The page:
Given the considerable effort that has been expended as of late in trying to have employees opt out of the common-law regime of reasonable notice, see e.g. my discussion of termination clauses in my post Will Wood Finally Answer the Question of Benefits? There’s Hope., it is almost unfathomable that employers would even consider attempting to contract in to such a regime. However, when one considers the remedies to which employees employed pursuant to the provisions of Canada Labour Code can have access, a payment in lieu of reasonable notice would be the lesser of two evils.

It now settled law that the employment of non-managerial employees, employed for more than 12 consecutive months, who are employed pursuant to the provisions of Canada Labour Code cannot be terminated absent the employer showing just cause for termination: Wilson v. Atomic Energy of Canada Ltd., 2016 SCC 29 (CanLII), about which I wrote in my post No Cause? Then No Dismissal for Non-Unionized Federal Employees – The Supreme Court of Canada Shakes Up Canadian Employment Law. Moreover, as the more recent case of Randhawa v Bank of Nova Scotia, 2017 CanLII 4774 (ON LA) demonstrates, where a complaint of unjust dismissal under the Canada Labour Code is upheld, the default remedy must be reinstatement. Reinstatement is much more intimidating than a severance payment.

And so the question is begged: Can employees contractually - and preemptively - opt out of the unjust dismissal regime established by the Canada Labour Code in favour of the common-law regime of reasonable notice and wrongful dismissal?

Saturday, 27 May 2017

Mo Money Mo Problems (A Review of Termination Pay Obligations for Large Payrolls)

On May 27, 2017, I presented a paper to the County of Carleton Law Association’s annual solicitor’s conference titled “Mo Money Mo Problems (A Review of Termination Pay Obligations for Large Payrolls).” What follows is a copy of that paper.

I can think of no better way to introduce the subject of termination pay obligations for large payrolls than the lyrical hook to the song Mo Money Mo Problems by artist The Notorious B.I.G.:

I don't know what, they want from me

It's like the more money we come across

The more problems we see

The purpose of this paper is to canvass the subject of the obligation to pay statutory severance pay. As will be explained more fully below, pursuant to the provisions of section 64 of the Ontario Employment Standards Act, 2000, it is patently obvious that, notwithstanding anything Ol’ Dirty Bastard may have said about the subject, [“Look here, more money, more problems, my ass / You'se a naive cat, if you still believe that …”] the more money that employers come across, the more problems they’ll see.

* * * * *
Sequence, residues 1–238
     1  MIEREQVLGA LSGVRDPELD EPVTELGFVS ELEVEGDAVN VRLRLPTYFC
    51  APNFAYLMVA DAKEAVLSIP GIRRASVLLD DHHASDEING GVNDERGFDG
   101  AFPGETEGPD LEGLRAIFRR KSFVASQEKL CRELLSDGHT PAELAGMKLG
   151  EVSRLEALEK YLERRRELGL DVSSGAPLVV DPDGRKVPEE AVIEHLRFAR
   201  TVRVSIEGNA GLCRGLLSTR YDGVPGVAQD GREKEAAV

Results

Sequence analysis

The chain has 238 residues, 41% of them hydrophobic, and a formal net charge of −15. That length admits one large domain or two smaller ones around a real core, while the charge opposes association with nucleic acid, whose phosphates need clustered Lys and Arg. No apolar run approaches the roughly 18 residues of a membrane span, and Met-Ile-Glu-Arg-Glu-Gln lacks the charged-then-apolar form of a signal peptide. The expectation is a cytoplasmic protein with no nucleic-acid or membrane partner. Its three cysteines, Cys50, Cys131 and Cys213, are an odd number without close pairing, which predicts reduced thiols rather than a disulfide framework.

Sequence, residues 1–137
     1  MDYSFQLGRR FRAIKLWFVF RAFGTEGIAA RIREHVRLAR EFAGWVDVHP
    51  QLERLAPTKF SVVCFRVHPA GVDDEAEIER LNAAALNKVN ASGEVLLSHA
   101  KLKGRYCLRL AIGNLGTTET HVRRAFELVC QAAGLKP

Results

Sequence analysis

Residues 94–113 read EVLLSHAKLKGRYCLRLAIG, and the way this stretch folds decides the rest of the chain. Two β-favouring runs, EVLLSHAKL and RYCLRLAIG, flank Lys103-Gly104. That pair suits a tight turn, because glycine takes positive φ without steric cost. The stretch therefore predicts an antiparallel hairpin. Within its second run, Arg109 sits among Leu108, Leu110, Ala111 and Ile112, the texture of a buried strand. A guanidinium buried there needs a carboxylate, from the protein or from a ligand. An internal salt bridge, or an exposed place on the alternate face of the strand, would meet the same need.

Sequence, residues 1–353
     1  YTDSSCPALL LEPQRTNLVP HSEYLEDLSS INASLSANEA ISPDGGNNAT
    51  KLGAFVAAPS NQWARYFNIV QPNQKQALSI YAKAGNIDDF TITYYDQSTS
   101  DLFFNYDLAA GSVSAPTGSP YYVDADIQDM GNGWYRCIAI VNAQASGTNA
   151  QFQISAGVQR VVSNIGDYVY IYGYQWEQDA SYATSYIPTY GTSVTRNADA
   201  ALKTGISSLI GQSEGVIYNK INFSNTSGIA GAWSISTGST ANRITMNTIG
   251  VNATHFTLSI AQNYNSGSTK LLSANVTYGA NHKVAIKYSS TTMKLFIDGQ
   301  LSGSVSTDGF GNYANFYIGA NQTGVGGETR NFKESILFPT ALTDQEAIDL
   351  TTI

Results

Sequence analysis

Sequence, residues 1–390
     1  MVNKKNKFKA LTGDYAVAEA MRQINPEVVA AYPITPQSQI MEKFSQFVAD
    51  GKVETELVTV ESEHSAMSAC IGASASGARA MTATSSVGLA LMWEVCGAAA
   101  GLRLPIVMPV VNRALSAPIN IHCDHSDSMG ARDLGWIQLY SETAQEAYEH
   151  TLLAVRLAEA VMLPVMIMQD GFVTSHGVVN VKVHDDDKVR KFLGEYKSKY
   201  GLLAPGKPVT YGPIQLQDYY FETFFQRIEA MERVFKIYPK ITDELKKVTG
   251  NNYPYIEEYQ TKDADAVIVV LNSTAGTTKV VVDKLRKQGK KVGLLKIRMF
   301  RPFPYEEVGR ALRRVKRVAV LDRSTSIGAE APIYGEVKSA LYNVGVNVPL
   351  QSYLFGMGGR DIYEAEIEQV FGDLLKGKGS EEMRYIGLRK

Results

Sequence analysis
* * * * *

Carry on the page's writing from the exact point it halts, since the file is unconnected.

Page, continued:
Tuesday, 23 May 2017

Court of Appeal Rules that Modest Earnings Earned during Notice Period Not to be Deducted from Wrongful Dismissal Damages

(c) istock/OlafSpeier

What happens when an employee takes a new job not so much to mitigate her damages, but rather to survive? More to the point, what if that new position is so much beneath the wrongfully dismissed employee’s previous position that to deduct such earnings would work a disservice to the employee?

In the case of Brake v PJ-M2R Restaurant Inc., 2016 ONSC 1795 (CanLII), the Honourable Justice Kevin B. Phillips of the Ontario Superior Court of Justice held that a wrongfully dismissed employee’s ability to find employment did not take away from the loss she suffered from being dismissed without cause. Moreover, her new position, that of a cashier, was so substantially inferior to the managerial position she held with the defendant that, “the former does not diminish the loss of the latter.” As a result no deduction was applied on account of the mitigatory earnings.

I blogged about the trial decision in my post Trial Judge Finds Mitigatory Earnings too Insignificant to be Deducted from Wrongful Dismissal Award .

On May 23, 2017, the Court of Appeal for Ontario released its reasons for decision in respect of the appeal of that case: Brake v. PJ-M2R Restaurant Inc., 2017 ONCA 402.